Today's poem is by Ben Berman

The Great Molasses Flood
        Here and there struggled a form ...
        Only an upheaval a thrashing about
        in the sticky mass, showed where any life was.

                —The Boston Post, 1919

Over two million gallons of molasses
turned Boston into a modern Pompeii,
drowning men and horses under massive

waves, a surreal disaster prompted
by the thick syrup's rising internal
pressure, which rattled the tank and popped

all of its bolts loose. The initial
reports blamed the distilling company's lack
of oversight—found they had installed

the tank in a hurry, camouflaged leaks
by painting the sides brown and used steel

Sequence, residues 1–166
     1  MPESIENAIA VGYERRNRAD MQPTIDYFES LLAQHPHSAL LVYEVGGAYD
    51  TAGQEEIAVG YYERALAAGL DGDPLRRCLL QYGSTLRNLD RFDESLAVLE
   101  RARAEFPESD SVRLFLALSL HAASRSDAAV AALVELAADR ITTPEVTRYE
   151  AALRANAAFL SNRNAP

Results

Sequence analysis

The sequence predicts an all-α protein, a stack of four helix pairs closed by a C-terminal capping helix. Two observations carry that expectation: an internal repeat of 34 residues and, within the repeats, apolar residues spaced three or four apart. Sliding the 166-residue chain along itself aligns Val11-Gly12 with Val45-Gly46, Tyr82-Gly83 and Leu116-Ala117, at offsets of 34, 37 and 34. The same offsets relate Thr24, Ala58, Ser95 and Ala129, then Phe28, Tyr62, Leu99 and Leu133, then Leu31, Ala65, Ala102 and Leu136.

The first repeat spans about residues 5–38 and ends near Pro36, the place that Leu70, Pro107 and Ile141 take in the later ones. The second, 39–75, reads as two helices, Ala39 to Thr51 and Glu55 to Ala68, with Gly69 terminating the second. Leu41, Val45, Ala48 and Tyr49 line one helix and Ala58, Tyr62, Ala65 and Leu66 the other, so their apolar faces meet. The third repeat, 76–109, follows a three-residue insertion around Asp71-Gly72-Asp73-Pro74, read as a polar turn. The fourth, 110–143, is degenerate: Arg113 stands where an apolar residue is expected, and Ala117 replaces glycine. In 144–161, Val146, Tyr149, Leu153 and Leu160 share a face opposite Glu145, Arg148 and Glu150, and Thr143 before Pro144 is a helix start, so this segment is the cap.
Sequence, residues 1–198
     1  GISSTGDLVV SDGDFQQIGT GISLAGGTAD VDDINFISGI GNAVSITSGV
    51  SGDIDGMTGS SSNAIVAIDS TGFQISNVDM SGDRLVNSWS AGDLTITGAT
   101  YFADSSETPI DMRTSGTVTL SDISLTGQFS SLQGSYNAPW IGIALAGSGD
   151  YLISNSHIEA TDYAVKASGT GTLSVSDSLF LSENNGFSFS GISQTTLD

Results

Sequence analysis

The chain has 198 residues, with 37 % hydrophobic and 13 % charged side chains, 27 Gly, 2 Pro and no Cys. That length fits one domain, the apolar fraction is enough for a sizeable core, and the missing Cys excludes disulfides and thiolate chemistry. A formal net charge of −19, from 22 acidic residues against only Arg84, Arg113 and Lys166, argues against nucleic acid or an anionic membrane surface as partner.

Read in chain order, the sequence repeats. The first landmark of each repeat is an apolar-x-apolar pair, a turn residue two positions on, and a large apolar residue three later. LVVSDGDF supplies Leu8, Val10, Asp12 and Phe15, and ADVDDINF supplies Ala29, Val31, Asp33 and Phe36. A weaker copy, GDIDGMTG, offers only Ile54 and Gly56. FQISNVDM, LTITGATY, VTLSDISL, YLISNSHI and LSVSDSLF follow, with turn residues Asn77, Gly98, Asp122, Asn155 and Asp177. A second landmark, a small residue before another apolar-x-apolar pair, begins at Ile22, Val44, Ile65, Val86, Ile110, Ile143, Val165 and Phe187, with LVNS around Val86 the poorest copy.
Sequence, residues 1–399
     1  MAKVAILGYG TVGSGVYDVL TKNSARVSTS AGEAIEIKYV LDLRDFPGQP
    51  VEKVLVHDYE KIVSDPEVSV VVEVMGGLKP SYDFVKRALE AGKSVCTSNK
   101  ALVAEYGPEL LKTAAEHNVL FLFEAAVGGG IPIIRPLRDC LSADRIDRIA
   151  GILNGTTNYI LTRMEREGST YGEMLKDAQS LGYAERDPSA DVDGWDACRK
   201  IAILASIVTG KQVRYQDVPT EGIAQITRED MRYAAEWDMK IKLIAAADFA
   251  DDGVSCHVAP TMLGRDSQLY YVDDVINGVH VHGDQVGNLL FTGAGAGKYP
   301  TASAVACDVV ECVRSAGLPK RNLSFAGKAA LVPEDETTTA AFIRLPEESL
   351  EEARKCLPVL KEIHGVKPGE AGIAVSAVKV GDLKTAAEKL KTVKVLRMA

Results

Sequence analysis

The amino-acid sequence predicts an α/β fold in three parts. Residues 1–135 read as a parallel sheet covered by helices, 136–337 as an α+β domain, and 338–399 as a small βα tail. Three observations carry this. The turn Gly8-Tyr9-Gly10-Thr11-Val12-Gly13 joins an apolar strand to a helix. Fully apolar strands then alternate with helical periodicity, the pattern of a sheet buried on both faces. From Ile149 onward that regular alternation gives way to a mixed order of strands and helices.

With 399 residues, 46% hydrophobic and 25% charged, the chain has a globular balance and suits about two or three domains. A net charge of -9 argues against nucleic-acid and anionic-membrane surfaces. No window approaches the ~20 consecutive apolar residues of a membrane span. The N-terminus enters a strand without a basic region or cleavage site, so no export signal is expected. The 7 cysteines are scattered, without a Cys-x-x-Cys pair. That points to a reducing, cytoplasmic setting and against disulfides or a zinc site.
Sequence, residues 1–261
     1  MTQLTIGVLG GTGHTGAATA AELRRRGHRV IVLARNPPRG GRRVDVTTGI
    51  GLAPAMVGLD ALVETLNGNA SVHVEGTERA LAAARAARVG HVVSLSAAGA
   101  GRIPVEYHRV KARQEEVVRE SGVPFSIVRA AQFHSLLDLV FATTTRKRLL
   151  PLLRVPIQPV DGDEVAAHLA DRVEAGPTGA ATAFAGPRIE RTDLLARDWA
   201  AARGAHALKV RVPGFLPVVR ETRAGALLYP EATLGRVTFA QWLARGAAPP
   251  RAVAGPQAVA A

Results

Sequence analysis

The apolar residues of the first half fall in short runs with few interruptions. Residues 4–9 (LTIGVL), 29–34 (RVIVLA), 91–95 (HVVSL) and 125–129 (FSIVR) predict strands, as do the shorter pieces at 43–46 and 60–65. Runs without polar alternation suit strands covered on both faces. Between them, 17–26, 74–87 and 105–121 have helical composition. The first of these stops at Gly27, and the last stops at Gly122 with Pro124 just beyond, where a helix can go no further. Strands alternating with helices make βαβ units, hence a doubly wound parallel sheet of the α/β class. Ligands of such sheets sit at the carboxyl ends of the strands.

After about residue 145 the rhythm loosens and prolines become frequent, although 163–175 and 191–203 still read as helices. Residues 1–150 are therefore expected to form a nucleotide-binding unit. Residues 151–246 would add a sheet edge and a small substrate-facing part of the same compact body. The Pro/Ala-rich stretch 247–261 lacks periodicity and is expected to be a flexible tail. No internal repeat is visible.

that was far too thin even by the lax

standards of the day. But even stable
structures that are well designed and built
with integrity are susceptible

to fractures, not because they're too brittle
to withstand the stress from heavy loads,
but from tensions within—the very word, bolt,

meaning both to lock down and
                                                                break loose.

Copyright © 2017 Ben Berman All rights reserved
from Figuring in the Figure
Able Muse Press
Reprinted by Verse Daily® with permission

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